NEW: Washington calls for the immediate release of Miller and Kenneth Bae
A court says Matthew Todd Miller committed "acts hostile" to North Korea
He previously told CNN, "I deliberately committed my crime"
That interview was monitored by the North Korean government
An American sentenced in North Korea ripped up his visa so he could go to prison and expose human rights violations there, state media said Saturday.
Then in one fell swoop, American citizen Matthew Todd Miller was convicted of committing “acts hostile” to North Korea and sentenced to six years of hard labor, North Korean state-run media reported Sunday.
While Miller’s fate is now clear, the circumstances surrounding his alleged crime remain murky.
According to the state-run Korean Central News Agency, the 24-year-old arrived in North Korea as a tourist on April 10 and ripped up his tourist visa, shouted his desire to seek asylum and said “he came to the DPRK after choosing it as a shelter.”
Once sentenced, Miller hoped to meet Kenneth Bae, another American detained in North Korea.
Washington demands release
The U.S. State Department has demanded that North Korea release Miller and Bae, and American Jeffrey Fowle.
“The charges for which he (Miller) and the other detained U.S. citizens were arrested and imprisoned would not give rise to arrest or imprisonment in the United States or in many other countries around the world,” said spokesman Darby Holladay.
He also asked for amnesty for the men and for American Jeffrey Fowle.
Fowle, 56, was arrested in June while traveling as a tourist.
Miller talks to CNN
Earlier this month, Miller told CNN’s Will Ripley that he “prepared to violate the law of DPRK before coming here. And I deliberately committed my crime.”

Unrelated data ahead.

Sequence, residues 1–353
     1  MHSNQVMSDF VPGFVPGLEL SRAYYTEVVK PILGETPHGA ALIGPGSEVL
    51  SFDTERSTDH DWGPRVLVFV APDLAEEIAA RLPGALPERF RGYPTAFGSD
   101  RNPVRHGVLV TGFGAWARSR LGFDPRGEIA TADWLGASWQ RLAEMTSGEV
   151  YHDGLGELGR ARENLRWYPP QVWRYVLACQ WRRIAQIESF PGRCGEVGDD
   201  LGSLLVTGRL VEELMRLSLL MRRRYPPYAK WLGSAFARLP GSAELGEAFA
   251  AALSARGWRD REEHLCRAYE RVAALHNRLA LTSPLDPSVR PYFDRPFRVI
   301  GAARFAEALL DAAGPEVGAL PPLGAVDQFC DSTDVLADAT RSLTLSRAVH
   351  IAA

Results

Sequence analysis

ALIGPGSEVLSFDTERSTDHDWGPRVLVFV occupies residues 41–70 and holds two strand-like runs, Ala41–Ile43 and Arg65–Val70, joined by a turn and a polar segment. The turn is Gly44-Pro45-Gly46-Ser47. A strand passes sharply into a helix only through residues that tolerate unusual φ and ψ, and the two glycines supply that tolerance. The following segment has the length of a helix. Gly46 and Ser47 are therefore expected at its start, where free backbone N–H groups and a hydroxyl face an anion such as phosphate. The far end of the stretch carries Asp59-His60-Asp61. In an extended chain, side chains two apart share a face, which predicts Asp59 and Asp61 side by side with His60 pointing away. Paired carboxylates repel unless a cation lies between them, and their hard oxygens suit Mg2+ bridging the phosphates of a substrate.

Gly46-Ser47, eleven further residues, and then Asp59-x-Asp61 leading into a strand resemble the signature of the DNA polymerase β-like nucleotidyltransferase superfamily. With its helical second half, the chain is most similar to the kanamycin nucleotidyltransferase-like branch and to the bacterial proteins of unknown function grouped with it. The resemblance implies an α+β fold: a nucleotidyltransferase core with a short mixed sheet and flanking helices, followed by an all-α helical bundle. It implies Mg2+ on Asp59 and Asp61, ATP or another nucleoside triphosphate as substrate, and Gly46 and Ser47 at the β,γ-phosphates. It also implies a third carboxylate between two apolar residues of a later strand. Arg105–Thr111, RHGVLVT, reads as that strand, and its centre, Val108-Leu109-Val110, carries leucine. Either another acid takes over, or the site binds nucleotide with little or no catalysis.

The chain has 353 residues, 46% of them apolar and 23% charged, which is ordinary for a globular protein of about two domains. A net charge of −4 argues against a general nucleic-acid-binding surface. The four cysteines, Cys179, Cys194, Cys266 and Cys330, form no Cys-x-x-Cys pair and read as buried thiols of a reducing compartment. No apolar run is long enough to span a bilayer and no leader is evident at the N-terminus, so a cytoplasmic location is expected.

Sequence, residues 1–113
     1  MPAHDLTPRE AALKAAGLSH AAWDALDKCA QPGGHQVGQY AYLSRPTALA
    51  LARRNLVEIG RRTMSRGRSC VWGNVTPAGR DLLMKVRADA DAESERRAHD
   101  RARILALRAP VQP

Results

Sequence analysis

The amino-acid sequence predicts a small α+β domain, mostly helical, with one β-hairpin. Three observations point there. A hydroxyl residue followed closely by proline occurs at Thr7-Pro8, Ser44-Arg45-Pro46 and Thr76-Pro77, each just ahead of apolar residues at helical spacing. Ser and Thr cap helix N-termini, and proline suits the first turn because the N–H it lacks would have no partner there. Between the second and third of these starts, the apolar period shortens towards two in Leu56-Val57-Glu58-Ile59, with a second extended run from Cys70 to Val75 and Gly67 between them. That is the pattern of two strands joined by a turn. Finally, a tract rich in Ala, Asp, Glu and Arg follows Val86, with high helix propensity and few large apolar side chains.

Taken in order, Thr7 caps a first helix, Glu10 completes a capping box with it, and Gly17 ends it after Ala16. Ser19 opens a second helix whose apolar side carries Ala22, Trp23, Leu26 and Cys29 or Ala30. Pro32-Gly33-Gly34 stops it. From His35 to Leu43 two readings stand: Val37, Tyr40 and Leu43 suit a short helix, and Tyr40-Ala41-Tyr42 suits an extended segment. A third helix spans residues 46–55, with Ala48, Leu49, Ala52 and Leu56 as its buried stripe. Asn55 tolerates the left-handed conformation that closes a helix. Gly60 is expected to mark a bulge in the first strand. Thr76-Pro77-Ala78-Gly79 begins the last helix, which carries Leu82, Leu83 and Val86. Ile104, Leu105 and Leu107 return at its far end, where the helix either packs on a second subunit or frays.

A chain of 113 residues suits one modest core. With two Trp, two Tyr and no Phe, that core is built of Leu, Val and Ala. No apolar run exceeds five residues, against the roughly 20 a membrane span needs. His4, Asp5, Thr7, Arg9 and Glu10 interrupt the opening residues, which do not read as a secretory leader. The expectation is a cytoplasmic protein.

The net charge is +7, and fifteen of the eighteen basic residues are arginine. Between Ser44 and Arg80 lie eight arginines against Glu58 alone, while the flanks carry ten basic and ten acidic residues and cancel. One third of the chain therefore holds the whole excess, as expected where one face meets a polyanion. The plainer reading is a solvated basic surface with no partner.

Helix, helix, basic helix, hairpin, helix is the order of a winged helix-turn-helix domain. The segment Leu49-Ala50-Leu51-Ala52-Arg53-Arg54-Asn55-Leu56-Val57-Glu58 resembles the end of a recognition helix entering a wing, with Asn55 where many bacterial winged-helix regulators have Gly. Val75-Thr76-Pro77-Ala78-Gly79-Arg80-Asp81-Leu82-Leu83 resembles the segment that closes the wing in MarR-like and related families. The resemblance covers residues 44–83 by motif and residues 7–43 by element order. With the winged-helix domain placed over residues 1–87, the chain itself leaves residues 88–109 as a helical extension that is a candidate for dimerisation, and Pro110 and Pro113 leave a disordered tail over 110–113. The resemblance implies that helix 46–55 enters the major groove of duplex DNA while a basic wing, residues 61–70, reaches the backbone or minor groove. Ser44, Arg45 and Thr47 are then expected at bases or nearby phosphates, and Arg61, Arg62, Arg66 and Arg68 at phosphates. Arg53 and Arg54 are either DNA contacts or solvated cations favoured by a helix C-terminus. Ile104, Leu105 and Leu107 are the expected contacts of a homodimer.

But Miller didn’t elaborate on what his “crime” was. He said he wouldn’t learn of his charges until he went to trial.
It’s unclear whether his statements were made freely or under coercion.
The North Korean government surprised CNN by presenting Miller and two other detained Americans – Kenneth Bae and Jeffrey Edward Fowle – for interviews. Each five-minute interview was monitored by the government.
“My situation is very urgent,” Miller told CNN. “… Very soon, I’m going to trial and I will directly be sent to prison. I think this interview is my final chance to push the American government into helping me.”
First stop was South Korea
Miller’s family lives in Bakersfield, and he is a 2008 graduate of Bakersfield High School, according to CNN affiliate KBAK.
Miller is a 2008 graduate of Bakersfield High School, according to CNN affiliate KBAK.
A few classmates told CNN that Miller seemed like an average kid. Two said they barely remembered him because he was so quiet.
In a July interview, a neighbor told The Associated Press that Miller went to South Korea about four years ago to visit his brother and started teaching English.
He traveled to North Korea this year after arranging a private tour through the U.S.-based company Uri Tours, which takes tourists into North Korea.
Uri Tours has said it doesn’t have “any understanding of why” Miller ripped up his visa.
The company offers tours despite U.S. State Department warnings about arbitrary arrest and detention in North Korea.
Miller’s case presents many questions, said Robert Kelly, an American who teaches International studies at Pusan National University in South Korea.
READ: North Korea: We have the ‘most advantageous human rights system’
CNN’s Madison Park, Gabe LaMonica and Christabelle Fombu contributed to this report.